Toronto FC Unveils Defoe and Bradley in Monumental Day for Soccer in Canada

January 13, 2014 Updated: January 13, 2014

“It’s a bloody big deal” was Toronto FC’s brash marketing campaign leading up to Monday’s highly anticipated press conference. And it turned out to be an understatement.

Toronto FC was supposed to present their newest designated player signing in England international Jermain Defoe, but the MLS club also confirmed one of the league’s worst kept secrets by unveiling U.S. international midfielder Michael Bradley as another DP signing.

The signings were spearheaded by Maple Leaf Sports & Entertainment president and CEO Tim Leiweke, who brought David Beckham to the L.A. Galaxy in 2007.

Thinking big along those lines, Leiweke wanted to reward TFC’s long suffering fans. In his press conference, he quoted Robert Kennedy, “Why can’t we be great?”

Defoe, 31, has scored 124 goals in 380 English Premier League games, including one just this past Saturday for Tottenham Hotspur. To say he is a striker unlike any other Toronto FC have had is not an exaggeration.

“I feel at home already,” Defoe said as TFC’s fans chanted, “This is your house!” at the start of his press conference.

Defoe went on to say how important musician Drake and former England teammate Beckham was to him joining the Reds. He also admitted to thinking about playing in MLS at some point in his career prior to TFC’s overtures.

Defoe arrived from London at Toronto’s Pearson international airport Sunday afternoon and gave a very brief interview with Toronto FC.

“I’m delighted I made the decision to come,” Defoe said.

Defoe still has plenty of soccer left in him. But the certainty of a four-year contract estimated to pay him $8 million a season was too good to pass up. MLS is a challenge for players coming from Europe with it’s pace, physicality, and long flights for away games. But Defoe realizes it’ll be a challenge and he’s excited to take it up.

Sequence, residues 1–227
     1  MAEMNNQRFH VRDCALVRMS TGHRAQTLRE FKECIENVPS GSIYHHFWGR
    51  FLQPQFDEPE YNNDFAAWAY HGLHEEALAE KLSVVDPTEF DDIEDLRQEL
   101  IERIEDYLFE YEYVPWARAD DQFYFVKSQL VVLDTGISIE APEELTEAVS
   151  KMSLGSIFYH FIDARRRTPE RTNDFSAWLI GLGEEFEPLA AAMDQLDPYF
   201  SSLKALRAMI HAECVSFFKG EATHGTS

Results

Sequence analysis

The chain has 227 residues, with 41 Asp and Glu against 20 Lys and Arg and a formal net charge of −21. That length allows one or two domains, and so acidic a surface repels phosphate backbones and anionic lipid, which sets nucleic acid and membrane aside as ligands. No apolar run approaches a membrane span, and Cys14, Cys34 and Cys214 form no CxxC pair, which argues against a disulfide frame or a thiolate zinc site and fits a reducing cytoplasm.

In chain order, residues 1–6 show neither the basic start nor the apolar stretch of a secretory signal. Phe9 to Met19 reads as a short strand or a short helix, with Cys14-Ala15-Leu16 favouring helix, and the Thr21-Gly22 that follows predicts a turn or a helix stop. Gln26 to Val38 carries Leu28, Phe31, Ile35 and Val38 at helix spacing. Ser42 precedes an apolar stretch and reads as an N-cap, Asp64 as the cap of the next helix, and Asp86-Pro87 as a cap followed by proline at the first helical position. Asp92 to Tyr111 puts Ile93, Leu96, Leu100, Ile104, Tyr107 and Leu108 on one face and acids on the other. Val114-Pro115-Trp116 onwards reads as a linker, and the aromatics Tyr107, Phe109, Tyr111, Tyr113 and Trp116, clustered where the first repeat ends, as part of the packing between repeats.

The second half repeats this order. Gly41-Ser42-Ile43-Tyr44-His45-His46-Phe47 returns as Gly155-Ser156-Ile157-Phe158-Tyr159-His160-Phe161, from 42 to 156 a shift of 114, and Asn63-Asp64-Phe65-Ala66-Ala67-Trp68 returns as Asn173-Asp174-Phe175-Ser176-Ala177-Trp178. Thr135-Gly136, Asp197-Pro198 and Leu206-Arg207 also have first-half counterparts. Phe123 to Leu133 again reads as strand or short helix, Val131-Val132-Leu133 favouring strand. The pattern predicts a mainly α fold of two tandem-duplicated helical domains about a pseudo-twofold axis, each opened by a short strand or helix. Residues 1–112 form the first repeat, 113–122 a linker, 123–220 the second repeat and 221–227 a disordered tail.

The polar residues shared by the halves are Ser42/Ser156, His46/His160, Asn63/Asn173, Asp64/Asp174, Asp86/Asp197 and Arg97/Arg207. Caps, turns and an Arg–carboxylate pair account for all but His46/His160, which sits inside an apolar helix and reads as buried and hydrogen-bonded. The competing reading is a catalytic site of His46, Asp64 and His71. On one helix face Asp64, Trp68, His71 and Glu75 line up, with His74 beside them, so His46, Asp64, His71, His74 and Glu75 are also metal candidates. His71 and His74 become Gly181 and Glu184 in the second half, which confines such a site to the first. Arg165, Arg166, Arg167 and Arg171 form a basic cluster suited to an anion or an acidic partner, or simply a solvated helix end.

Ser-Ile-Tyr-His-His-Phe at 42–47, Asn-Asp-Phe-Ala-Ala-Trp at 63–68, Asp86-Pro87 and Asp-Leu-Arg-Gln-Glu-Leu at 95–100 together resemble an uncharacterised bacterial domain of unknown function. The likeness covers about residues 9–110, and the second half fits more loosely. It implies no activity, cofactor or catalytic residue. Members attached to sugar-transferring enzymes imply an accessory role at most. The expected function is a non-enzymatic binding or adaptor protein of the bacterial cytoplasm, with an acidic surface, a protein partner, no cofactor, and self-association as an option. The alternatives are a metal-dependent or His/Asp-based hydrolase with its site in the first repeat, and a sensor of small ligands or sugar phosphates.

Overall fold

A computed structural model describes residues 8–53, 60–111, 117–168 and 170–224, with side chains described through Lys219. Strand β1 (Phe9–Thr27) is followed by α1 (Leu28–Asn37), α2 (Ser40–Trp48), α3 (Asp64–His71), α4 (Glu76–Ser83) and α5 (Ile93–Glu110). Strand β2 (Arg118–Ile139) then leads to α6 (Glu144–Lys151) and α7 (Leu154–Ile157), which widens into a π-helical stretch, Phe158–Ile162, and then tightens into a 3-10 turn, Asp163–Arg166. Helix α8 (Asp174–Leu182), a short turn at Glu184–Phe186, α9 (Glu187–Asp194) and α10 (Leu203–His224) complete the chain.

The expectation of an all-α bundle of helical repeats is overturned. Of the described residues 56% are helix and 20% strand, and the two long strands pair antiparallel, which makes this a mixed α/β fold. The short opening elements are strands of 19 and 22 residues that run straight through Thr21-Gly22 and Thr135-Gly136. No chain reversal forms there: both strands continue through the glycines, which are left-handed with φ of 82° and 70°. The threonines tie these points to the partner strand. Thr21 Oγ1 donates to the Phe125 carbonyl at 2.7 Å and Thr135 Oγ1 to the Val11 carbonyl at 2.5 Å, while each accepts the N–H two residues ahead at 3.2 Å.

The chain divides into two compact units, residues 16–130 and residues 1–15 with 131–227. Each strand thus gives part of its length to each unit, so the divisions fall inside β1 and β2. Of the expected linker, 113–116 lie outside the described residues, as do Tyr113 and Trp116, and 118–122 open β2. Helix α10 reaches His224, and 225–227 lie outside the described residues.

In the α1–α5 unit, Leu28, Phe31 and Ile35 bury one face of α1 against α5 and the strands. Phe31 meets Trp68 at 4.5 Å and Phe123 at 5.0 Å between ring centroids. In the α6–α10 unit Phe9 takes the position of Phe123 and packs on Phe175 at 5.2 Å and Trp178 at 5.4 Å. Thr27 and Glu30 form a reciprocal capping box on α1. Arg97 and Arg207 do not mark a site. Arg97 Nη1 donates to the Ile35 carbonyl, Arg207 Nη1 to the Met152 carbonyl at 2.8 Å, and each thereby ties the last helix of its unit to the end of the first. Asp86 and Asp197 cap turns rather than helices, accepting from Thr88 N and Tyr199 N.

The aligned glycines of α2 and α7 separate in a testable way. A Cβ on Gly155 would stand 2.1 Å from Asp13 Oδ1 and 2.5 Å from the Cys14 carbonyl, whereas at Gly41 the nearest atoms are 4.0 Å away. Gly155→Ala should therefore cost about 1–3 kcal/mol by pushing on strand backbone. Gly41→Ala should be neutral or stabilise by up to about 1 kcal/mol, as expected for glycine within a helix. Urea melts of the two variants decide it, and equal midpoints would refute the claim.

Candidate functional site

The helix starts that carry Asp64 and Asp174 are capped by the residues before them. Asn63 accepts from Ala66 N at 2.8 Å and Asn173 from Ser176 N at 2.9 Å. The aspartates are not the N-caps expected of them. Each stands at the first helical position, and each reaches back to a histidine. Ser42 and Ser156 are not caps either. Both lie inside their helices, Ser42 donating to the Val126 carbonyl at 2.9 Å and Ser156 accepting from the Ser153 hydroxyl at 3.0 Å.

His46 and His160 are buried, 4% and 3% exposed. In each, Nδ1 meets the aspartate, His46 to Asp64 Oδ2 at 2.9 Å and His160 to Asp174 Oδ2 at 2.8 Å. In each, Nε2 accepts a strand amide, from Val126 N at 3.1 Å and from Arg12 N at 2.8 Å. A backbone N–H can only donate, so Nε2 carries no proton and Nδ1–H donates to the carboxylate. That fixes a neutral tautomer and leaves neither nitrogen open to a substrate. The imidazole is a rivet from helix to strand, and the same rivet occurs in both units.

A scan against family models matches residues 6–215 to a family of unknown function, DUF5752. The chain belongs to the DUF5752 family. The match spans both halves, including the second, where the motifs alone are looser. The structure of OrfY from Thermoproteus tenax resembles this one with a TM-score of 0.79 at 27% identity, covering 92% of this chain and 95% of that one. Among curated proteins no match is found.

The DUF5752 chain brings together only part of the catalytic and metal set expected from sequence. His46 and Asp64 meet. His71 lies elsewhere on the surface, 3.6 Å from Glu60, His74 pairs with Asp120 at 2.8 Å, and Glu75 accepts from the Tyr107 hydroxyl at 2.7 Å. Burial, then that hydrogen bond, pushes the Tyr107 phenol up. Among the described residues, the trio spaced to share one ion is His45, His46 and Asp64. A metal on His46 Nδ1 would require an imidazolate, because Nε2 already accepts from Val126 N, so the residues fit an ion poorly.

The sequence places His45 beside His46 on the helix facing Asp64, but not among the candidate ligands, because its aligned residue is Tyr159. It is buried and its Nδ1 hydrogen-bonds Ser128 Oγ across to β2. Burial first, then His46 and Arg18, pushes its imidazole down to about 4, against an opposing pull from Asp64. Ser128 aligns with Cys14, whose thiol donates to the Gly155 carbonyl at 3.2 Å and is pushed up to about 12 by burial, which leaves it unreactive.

“We promised our fans in October that building a winning club was our top priority and we scoured the globe to find the right players to fulfill that promise,” Leiweke said Friday on Toronto FC’s website. “Jermain Defoe was the top player on our list and we got our man.”

Defoe will be in game shape by the time the MLS season begins in early March. He will remain at Spurs until Feb. 28. It remains to be seen if he will be selected for England’s World Cup squad, but he did feature most recently for England on Nov. 15, 2013 in a friendly against Chile.

“Hopefully the manager knows what I can do. I am 31 and I have played in the Premiership my whole career,” Defoe said in an interview with Sky Sports News prior to leaving for Toronto.

‘Chance to Build Something Special’

In the 26-year-old Bradley, TFC obtain arguably the U.S.’s top player who had been having a very successful career with high flying AS Roma of Italy’s Serie A. He is a shoo-in to play for the U.S. in Brazil at the 2014 World Cup.

Bradley sees what TFC is building as a unique opportunity for himself. “I have never been more excited, determined, and motivated for any challenge in my career,” Bradley said, speaking after Defoe.

“It’s going to be a great season.”

Bradley is also going to be paid more than he ever has been before, reportedly a six-year deal for $36 million.

He had been told by Canadian internationals such as Paul Stalteri and Rob Friend what an incredible city Toronto was. “The chance to build something special in this city…I knew it was an opportunity I didn’t want to pass up,” Bradley said.

TFC general manager Tim Bezbatchenko described Defoe as “decisive in the box,” and a “lethal finisher.” He described Bradley as a “winner, leader, and true student of the game.”

TFC’s squad will look very different from last year’s. With Defoe and fellow designated player signing Gilberto, 24, from Brazil’s Serie A, scoring goals should not be the problem.

The Reds also brought back Canada’s all-time leading scorer Dwayne De Rosario to provide some leadership, experience, character, as well as a creative influence that can drive the attack.

Toronto FC have failed to make MLS playoffs in their seven years of existence. Last season, TFC finished with the third worst record in MLS, an improvement from the 2012 campaign in which they finished dead last by a wide margin.

Leiweke said at the start of his press conference, “Nothing is won today.” Yes, much hard work lies ahead for Toronto FC, but hope and optimism has never been this high in the club’s seven-year history.

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